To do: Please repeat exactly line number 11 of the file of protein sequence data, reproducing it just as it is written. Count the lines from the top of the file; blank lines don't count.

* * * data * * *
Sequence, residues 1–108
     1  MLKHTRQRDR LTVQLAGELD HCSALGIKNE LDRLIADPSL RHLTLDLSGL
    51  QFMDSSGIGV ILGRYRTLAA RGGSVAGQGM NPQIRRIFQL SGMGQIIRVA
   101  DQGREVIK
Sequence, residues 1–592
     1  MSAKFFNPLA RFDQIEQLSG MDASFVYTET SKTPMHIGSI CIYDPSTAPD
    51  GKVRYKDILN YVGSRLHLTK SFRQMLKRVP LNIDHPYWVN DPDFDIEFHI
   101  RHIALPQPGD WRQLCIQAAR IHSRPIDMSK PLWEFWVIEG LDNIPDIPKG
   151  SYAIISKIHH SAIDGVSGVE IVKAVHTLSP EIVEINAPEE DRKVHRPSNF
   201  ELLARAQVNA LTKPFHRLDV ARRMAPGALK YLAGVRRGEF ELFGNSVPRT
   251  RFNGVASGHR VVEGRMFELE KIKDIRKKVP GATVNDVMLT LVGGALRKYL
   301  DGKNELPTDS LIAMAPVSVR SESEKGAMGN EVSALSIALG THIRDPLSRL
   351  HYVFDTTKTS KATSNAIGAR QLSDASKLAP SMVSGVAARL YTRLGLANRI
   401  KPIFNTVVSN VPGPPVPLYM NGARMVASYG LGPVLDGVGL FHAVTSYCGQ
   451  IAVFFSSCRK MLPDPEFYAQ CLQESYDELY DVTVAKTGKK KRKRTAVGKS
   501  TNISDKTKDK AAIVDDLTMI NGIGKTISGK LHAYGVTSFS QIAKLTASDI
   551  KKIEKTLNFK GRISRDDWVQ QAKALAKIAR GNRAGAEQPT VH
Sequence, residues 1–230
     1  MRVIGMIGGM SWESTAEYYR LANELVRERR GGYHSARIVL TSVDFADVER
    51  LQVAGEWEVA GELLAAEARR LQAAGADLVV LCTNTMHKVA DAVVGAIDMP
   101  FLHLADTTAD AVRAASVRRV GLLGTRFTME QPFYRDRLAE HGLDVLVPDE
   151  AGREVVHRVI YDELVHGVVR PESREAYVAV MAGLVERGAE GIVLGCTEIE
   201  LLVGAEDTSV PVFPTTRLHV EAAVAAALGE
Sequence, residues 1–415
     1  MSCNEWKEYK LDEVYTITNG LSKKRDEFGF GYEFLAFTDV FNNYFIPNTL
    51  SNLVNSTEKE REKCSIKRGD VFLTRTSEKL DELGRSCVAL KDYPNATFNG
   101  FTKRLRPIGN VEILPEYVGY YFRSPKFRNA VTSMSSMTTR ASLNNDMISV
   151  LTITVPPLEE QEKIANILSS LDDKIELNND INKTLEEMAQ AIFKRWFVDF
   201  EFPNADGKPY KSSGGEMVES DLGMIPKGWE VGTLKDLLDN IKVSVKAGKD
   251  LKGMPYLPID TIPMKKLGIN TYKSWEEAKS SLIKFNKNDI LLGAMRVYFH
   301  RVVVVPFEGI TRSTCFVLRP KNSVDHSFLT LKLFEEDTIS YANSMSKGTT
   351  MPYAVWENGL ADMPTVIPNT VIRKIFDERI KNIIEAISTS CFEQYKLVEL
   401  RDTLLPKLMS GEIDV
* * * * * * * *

   251  RFNGVASGHR VVEGRMFELE KIKDIRKKVP GATVNDVMLT LVGGALRKYL